U.S. oil production has fallen more than 2 million barrels per day since March 2020. Many reasonably expect that DUCs (drilled uncompleted wells) provide a solution to output falling further.
There are about 5,800 DUCs in the main U.S. tight oil plays. These are already drilled and could be converted into producing wells for the cost of completion which is about half the total well cost.
Most DUCs, however, are uncompleted for a reason namely, that their owners don’t believe that their performance will be as good as wells that they chose to complete instead.
Even assuming similar performance, the larger problem is that large numbers of DUCs are already being completed and official EIA 914 production remains less than 10.5 mmb/d.
North Dakota publishes monthly data on DUCs that can be compared with active, producing wells.
DUCs currently account for about 35% of new Bakken producing wells and about 25% of completed wells since March have been DUCs (Figure 1).
During the 2015-2016 oil price and production collapse, DUCs in the Bakken reached about 40% of completions. It is, therefore, reasonable to expect that current DUC levels may be close to a maximum. Whether Bakken data applies to other plays is, of course, unknown.
More importantly, there are just too few wells being completed to expect U.S. production to maintain 11 mmb/d EIA forecast for 2021.
Five key regions of the United States—Texas, North Dakota, New Mexico, Oklahoma and the offshore Gulf of Mexico—account for 80% of total output. Figure 2 shows incremental new wells and new production for those regions from 2014 through July 2020 (12-month average).
At least 400 new wells must be added each month to offset declining legacy production and maintain 11 mmb/d for the U.S. Instead of adding new wells, fewer wells were drilled in each successive month after March 2020. Not surprisingly, incremental monthly production has been falling and that is completely consistent with declining overall production levels.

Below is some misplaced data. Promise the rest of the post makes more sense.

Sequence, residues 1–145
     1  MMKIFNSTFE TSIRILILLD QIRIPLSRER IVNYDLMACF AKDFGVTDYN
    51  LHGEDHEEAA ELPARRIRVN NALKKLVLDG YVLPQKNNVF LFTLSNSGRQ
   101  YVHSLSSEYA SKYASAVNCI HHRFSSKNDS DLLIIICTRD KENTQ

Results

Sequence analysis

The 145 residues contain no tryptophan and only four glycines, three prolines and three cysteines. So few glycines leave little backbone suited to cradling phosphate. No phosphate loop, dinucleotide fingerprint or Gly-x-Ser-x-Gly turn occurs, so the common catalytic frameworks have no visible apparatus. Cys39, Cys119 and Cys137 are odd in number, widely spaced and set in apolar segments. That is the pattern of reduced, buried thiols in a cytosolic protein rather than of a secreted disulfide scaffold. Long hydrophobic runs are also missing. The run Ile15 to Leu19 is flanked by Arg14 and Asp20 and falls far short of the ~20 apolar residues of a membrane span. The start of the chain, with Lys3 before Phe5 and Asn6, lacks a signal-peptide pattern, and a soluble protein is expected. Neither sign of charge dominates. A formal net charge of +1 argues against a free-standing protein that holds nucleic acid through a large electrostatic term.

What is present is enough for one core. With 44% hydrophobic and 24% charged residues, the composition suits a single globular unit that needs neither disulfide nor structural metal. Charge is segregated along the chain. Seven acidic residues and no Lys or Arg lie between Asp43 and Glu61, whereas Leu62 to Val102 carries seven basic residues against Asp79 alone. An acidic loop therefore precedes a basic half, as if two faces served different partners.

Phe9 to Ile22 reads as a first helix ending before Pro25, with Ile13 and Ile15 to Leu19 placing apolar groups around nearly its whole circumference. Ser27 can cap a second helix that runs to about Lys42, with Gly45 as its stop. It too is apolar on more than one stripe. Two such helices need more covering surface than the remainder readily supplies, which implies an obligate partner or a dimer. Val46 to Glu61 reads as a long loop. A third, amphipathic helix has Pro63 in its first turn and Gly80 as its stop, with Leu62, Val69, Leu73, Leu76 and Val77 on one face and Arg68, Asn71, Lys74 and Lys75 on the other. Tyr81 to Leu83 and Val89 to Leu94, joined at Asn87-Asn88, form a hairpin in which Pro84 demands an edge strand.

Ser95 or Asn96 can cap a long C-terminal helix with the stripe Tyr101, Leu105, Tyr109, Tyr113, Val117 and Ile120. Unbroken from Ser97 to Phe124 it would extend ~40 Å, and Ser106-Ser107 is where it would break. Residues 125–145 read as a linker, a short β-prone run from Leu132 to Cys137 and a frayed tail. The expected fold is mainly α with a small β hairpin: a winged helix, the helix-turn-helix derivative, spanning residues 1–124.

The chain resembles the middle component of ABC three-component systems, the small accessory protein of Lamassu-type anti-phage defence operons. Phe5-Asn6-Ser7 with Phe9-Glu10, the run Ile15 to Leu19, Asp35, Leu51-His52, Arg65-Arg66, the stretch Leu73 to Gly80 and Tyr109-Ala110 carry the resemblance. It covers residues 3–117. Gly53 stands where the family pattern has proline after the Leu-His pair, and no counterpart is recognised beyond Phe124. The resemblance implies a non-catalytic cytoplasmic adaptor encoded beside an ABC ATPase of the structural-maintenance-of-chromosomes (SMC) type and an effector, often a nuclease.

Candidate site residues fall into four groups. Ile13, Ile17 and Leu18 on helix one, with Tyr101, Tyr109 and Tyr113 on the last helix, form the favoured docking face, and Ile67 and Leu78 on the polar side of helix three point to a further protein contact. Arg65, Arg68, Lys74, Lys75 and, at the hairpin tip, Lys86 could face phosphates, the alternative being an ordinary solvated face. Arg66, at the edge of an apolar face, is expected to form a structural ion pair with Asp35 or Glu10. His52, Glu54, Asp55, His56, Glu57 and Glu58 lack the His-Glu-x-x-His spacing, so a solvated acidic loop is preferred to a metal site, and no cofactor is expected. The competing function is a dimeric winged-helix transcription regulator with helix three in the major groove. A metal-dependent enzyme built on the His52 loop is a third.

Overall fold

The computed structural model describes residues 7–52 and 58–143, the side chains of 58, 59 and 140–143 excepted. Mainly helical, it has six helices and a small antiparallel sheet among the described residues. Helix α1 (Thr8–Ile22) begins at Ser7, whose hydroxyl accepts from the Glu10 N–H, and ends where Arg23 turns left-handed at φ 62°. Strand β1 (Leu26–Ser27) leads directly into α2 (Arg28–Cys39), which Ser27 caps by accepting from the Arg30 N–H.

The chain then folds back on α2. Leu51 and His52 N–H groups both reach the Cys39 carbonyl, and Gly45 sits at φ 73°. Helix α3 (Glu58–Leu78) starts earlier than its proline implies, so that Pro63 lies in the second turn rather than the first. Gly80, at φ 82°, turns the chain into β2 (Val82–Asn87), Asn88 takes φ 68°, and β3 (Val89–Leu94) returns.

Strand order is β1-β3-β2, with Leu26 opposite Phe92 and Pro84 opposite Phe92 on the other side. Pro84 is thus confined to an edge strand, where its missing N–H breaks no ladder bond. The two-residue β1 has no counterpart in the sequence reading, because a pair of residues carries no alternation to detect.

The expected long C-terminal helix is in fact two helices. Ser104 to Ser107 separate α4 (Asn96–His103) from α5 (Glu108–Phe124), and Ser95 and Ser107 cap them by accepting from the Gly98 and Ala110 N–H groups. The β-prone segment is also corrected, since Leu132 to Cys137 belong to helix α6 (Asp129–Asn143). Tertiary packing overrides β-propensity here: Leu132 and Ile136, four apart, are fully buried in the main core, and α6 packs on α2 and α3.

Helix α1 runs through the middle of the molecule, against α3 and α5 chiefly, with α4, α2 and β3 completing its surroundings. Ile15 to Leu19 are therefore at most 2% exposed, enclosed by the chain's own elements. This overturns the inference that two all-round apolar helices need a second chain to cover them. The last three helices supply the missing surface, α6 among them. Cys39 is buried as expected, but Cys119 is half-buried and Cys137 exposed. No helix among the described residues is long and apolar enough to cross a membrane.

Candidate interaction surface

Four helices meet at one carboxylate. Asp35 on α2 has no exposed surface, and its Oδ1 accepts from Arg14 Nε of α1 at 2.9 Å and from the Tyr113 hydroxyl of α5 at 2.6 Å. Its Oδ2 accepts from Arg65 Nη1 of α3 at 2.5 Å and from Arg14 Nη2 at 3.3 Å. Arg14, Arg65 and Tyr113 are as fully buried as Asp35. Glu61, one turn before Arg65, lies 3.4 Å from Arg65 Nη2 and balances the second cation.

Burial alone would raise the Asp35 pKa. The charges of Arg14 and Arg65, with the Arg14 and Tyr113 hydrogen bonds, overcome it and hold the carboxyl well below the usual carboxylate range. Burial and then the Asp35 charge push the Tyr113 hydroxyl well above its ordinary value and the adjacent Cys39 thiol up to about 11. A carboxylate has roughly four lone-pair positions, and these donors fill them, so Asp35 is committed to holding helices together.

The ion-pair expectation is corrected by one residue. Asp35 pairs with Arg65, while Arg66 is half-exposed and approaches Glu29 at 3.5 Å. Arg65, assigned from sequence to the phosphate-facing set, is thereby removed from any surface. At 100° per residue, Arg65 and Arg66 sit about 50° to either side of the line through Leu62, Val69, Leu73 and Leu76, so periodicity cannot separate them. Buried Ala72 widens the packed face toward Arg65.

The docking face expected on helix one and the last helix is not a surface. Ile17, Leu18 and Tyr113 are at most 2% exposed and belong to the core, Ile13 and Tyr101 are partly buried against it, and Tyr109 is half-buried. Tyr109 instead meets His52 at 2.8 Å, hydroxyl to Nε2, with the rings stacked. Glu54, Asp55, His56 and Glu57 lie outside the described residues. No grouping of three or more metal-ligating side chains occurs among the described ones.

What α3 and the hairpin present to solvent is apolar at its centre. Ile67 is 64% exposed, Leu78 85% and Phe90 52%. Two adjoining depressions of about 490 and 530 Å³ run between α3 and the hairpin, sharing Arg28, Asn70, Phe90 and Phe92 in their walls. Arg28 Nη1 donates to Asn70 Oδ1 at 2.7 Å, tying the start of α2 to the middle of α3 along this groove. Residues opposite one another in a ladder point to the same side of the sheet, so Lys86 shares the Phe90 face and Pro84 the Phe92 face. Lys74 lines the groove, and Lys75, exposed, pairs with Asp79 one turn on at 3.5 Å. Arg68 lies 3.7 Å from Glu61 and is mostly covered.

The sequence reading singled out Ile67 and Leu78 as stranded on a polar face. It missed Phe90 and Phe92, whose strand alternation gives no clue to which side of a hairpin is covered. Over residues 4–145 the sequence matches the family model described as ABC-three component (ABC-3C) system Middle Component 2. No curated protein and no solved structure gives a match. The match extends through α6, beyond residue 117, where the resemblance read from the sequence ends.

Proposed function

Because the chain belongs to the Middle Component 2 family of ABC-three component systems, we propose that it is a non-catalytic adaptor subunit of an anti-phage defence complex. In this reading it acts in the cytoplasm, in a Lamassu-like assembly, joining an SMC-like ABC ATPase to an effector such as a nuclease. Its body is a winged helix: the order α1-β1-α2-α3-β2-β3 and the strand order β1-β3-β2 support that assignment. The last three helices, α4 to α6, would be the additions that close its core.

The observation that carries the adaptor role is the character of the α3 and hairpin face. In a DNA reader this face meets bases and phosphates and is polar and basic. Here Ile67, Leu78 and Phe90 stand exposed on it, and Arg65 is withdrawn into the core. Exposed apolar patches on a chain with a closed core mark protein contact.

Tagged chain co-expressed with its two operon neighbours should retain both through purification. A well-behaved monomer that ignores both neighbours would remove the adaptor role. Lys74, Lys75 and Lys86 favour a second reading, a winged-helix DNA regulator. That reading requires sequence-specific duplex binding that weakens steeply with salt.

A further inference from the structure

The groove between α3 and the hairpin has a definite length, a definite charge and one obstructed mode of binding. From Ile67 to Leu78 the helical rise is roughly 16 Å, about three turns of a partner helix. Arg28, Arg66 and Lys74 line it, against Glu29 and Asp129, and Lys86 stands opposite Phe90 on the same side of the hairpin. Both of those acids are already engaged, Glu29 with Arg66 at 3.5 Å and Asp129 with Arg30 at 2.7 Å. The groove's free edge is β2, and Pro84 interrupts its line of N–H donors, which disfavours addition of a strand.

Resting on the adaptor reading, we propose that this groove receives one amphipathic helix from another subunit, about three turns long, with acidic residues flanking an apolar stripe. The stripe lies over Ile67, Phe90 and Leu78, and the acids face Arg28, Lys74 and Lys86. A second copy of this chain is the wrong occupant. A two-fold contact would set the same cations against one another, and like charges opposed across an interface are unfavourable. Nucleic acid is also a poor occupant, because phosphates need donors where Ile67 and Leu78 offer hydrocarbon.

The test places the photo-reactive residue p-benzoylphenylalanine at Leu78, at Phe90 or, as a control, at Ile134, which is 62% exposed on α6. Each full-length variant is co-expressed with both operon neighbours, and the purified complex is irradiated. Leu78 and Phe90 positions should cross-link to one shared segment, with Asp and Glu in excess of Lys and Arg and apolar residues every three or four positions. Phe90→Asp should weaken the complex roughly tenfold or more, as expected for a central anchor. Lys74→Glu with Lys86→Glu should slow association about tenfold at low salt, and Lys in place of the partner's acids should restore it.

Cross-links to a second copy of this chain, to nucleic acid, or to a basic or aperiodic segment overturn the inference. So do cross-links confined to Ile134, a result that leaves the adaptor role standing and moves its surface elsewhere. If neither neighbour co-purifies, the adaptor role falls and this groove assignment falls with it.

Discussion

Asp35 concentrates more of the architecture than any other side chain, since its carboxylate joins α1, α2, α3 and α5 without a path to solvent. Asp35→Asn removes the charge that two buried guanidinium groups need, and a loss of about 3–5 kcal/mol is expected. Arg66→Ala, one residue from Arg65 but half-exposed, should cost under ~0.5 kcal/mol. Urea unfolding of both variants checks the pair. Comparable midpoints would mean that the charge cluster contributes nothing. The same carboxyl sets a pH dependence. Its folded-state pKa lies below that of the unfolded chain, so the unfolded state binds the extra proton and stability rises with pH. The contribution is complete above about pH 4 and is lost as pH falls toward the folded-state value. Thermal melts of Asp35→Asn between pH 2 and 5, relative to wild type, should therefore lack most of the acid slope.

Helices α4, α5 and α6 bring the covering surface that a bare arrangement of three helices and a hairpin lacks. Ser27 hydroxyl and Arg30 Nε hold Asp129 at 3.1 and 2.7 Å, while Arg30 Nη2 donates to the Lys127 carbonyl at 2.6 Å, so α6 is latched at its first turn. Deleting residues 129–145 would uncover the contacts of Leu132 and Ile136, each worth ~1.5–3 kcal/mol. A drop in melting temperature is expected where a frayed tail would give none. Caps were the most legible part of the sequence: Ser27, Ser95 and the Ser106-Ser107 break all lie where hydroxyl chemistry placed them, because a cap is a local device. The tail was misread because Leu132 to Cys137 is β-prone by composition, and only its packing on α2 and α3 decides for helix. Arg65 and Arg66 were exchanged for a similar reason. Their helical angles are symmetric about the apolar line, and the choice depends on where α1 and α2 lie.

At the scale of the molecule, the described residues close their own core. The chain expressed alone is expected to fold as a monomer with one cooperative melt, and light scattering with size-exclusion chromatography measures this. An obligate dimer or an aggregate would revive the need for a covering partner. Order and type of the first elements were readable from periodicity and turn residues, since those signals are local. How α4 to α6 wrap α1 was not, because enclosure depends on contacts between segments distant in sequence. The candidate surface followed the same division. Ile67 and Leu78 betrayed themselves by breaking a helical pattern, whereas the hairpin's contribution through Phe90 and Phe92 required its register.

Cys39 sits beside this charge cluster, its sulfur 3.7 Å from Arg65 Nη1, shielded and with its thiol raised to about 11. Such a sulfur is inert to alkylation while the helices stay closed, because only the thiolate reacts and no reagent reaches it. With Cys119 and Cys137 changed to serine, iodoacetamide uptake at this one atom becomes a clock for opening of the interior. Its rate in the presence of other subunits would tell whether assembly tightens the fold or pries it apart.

It doesn’t matter whether wells are newly drilled and completed or DUCs—there are simply too few wells being added to maintain present levels of production.
How Far Will Production Fall?
The good news is that well completions and rig counts have turned around and are now heading in the right direction. The bad news is that it will take many months before drilling and production equilibrate. How far will production fall?
The truth is that no one knows. Oil production is part of a complex system. Its interdependencies and feedback loops make it dynamic and adaptive. There are unresolvable uncertainties. The best approach is to identify and describe the key patterns that characterize present state: rig count, decline rates, lags and leads, completions and incremental production rates. These offer the most probable but only notional projections of those trends.
In Figure 3, I show three scenarios based on rig count and I also show EIA’s production forecast for 2021. These should be viewed as trend lines rather than forecasts.
In the base case, output begins to decline in April 2021 and decreases to 9.1 mmb/d by September 2021. In the low case the production minimum is estimated at 7.8 mmb/d and in the high case, 9.9 mmb/d.
Whatever the magnitude of production decline or its precise timing, it is important to recognize what is coming. The lower-for-longer ruling paradigm has been accurate and useful since the oil-price collapse in 2014. What is happening now is different.
It is unlikely that the tight oil business will recover from the effect of Covid-19 and lower oil prices. Markets will continue to send higher price signals until rig counts recover to the 800 or so rigs needed to support EIA’s 11 mmb/d forecast.
The public and many investors have the peculiar belief that the world will be just fine without oil. The world will be fine. It has survived meteor impacts and mass extinctions but humans are more fragile. Higher oil prices are the last thing the global economy needs right now.
For a more detailed version of this story, go to artberman.com